City extends tax stipend to married same-sex employees

By | August 2, 2011

This week Cambridge, MA became the first city to offer stipends to same-sex married public employees who face additional tax liabilities for benefits received under employment.  The unprecedented legislation will effectively subsidize the additional tax liability assumed by same-sex married couples that receive health benefits from their employers.

Under federal tax law, employer-provided health benefits for domestic spouses are taxable income.  Heterosexual couples can avoid this tax liability by marrying.  While many states have enacted legislation that recognizes same-sex marriages, federal law does not recognize these unions.  As a result, federal tax liability for same-sex married couples does not reflect the state-sanctioned unions.  Employees with domestic partners pay on average $1,069 more in taxes every year than employees with the same coverage but who are married[1].

The Cambridge stipends, paid quarterly to 22 same-sex married public employees, will defray the cost of this additional tax liability.  While no city or other municipality has enacted legislation providing these protections, the idea is not unprecedented.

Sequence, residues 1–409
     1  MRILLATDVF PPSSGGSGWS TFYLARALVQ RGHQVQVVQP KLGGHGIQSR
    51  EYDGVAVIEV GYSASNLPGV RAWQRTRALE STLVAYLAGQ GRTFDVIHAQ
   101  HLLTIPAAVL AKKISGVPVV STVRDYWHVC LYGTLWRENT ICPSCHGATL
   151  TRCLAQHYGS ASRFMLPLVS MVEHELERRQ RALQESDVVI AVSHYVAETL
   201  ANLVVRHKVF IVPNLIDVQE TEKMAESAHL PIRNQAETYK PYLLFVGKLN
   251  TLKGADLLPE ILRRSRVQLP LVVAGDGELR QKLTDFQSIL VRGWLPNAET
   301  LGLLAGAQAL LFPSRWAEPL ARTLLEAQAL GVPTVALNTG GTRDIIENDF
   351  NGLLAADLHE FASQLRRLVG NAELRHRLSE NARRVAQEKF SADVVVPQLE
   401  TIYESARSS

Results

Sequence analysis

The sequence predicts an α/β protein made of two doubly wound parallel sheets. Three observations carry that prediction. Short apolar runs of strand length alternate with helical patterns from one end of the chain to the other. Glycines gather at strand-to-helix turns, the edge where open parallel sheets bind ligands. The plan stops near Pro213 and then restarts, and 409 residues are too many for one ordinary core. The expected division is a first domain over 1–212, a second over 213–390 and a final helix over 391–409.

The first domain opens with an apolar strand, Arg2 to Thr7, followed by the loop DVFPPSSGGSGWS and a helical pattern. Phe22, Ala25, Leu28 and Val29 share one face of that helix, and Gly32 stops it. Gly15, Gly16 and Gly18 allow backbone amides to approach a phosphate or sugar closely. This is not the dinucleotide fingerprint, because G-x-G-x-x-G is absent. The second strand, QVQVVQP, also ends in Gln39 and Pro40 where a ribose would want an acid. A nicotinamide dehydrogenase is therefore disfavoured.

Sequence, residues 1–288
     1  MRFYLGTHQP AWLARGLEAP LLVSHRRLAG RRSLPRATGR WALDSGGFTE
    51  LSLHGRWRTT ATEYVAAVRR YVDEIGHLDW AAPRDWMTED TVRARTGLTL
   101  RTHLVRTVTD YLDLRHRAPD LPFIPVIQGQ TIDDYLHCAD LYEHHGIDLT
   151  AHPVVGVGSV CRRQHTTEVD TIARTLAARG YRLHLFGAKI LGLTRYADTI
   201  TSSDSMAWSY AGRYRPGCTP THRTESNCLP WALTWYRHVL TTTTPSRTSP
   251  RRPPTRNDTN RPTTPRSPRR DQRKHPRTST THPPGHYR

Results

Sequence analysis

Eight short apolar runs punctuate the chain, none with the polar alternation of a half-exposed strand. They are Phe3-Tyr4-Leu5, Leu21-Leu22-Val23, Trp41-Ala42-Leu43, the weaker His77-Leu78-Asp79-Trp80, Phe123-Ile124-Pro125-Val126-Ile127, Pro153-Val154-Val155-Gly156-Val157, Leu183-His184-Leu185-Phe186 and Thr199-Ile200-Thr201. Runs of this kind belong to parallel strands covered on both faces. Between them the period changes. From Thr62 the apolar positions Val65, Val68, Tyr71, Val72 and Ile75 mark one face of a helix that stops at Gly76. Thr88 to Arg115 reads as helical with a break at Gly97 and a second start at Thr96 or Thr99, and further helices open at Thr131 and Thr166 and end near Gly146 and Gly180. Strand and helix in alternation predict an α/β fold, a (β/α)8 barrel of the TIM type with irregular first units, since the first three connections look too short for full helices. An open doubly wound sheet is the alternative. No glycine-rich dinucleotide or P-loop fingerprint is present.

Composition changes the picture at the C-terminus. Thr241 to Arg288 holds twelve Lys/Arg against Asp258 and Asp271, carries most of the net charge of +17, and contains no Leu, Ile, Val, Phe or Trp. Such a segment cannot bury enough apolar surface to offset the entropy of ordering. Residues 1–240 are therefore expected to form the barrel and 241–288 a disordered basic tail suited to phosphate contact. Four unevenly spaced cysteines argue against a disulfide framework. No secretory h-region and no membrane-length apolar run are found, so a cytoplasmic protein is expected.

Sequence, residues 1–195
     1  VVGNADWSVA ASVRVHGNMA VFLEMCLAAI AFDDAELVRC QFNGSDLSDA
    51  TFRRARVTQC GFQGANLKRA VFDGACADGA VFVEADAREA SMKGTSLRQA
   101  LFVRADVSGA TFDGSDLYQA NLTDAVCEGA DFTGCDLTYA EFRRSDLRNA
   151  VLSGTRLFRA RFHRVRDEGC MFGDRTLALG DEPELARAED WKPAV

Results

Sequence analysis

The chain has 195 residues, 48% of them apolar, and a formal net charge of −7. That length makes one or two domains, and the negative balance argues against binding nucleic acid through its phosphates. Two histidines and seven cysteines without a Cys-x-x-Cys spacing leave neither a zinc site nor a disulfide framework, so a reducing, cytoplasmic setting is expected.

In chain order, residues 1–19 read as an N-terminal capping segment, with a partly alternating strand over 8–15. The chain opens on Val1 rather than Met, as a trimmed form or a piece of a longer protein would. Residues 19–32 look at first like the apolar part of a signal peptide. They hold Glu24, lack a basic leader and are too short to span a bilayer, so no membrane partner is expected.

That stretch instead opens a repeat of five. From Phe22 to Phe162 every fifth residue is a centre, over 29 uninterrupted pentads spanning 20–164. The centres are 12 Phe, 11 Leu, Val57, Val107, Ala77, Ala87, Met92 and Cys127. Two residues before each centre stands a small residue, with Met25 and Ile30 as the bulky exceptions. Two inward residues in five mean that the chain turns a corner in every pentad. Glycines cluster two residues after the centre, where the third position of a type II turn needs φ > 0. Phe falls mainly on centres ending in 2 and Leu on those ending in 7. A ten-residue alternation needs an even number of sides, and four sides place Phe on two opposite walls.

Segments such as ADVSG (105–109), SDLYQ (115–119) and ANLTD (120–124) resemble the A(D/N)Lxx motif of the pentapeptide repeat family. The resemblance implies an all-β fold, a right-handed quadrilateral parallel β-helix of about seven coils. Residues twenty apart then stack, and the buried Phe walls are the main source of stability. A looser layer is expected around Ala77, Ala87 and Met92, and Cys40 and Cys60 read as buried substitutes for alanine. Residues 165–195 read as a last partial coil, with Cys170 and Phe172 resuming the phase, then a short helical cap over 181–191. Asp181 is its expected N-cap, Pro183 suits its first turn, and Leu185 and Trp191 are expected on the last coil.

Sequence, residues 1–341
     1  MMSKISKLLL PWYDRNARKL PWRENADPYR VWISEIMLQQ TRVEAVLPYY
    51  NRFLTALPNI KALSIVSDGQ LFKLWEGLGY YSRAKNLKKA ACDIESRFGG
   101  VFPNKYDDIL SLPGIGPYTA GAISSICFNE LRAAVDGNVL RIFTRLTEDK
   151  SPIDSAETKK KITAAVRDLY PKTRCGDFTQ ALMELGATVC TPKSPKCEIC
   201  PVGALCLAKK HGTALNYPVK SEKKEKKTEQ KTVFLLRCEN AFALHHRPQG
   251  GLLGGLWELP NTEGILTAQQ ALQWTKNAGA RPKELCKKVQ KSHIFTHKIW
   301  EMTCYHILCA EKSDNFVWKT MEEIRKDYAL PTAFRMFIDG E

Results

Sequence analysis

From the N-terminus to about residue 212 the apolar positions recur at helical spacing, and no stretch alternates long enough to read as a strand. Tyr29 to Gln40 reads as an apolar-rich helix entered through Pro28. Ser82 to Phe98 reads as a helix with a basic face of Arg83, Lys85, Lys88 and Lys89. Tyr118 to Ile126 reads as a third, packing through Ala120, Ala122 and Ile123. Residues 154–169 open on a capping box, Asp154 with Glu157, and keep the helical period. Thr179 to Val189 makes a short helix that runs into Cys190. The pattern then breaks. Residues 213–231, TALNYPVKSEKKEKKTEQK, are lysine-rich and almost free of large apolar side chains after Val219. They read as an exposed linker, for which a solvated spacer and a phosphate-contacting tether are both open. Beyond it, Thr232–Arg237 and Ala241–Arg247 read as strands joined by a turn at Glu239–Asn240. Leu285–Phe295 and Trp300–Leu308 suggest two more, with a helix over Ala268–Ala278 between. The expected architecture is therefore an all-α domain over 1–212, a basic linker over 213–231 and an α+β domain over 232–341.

In June of 2010 Google became one of a handful of corporations to offer similar packages to its employers.  Other companies that pay married same-sex couples based on their additional tax liabilities include Cisco, Kimpton Hotels and the Gates Foundation.

Cambridge should be applauded for its equality efforts.  And, while the Cambridge stipend program is sure to be the first of many, especially in the Northeast where states are generally progressive in their stance toward the validity of same-sex marriages, many remain hopeful that cities and municipalities will not have to resort to such measures.  A Senate repeal hearing for the Defense of Marriage Act (DOMA), the current Federal Act that prohibits the recognition of same-sex unions, has been set for July 20th.   If repealed, married same-sex couples will face the same tax treatment as their married heterosexual counterparts.


[1] Tara Siegel Bernard, Google to Add Pay to Cover a Tax for Same-Sex Benefits, New York Times June 30, 2010.  http://www.nytimes.com/2010/07/01/your-money/01benefits.html

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